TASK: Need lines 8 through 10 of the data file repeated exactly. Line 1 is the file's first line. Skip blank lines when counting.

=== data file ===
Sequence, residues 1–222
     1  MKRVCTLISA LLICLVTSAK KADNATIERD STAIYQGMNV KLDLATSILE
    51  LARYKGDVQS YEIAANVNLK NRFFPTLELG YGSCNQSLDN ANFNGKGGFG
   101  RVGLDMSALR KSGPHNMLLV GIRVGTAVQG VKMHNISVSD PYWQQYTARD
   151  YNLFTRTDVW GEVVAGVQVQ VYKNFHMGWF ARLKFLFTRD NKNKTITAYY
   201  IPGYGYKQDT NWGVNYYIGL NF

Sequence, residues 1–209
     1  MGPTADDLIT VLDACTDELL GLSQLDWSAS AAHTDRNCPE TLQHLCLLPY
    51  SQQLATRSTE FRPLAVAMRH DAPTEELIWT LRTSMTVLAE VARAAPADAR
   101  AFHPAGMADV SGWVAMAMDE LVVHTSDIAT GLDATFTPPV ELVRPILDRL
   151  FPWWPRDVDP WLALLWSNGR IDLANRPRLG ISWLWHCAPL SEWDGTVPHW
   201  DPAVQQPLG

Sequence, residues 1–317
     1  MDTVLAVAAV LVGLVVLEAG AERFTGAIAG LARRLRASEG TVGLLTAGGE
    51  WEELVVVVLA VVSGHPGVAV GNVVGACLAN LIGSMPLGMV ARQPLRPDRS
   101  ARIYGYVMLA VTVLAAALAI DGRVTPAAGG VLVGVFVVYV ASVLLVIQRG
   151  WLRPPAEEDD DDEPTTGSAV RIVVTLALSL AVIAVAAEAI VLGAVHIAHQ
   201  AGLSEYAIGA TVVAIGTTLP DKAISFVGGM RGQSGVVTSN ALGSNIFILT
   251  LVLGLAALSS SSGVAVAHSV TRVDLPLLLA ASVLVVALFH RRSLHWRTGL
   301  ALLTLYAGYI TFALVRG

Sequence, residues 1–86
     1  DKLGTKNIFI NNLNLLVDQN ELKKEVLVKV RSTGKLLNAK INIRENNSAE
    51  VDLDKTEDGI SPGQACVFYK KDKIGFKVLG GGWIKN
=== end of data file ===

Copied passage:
     1  MGPTADDLIT VLDACTDELL GLSQLDWSAS AAHTDRNCPE TLQHLCLLPY
    51  SQQLATRSTE FRPLAVAMRH DAPTEELIWT LRTSMTVLAE VARAAPADAR
   101  AFHPAGMADV SGWVAMAMDE LVVHTSDIAT GLDATFTPPV ELVRPILDRL